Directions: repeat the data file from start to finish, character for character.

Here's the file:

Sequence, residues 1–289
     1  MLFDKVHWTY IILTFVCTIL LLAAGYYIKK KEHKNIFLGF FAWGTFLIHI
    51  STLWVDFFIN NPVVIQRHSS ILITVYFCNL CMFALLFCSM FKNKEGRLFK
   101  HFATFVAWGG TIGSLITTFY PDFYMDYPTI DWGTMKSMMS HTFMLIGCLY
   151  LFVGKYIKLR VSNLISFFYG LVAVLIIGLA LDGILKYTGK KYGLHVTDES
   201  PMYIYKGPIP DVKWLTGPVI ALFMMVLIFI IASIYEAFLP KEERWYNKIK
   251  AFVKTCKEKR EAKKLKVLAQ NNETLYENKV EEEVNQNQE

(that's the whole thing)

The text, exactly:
Sequence, residues 1–289
     1  MLFDKVHWTY IILTFVCTIL LLAAGYYIKK KEHKNIFLGF FAWGTFLIHI
    51  STLWVDFFIN NPVVIQRHSS ILITVYFCNL CMFALLFCSM FKNKEGRLFK
   101  HFATFVAWGG TIGSLITTFY PDFYMDYPTI DWGTMKSMMS HTFMLIGCLY
   151  LFVGKYIKLR VSNLISFFYG LVAVLIIGLA LDGILKYTGK KYGLHVTDES
   201  PMYIYKGPIP DVKWLTGPVI ALFMMVLIFI IASIYEAFLP KEERWYNKIK
   251  AFVKTCKEKR EAKKLKVLAQ NNETLYENKV EEEVNQNQE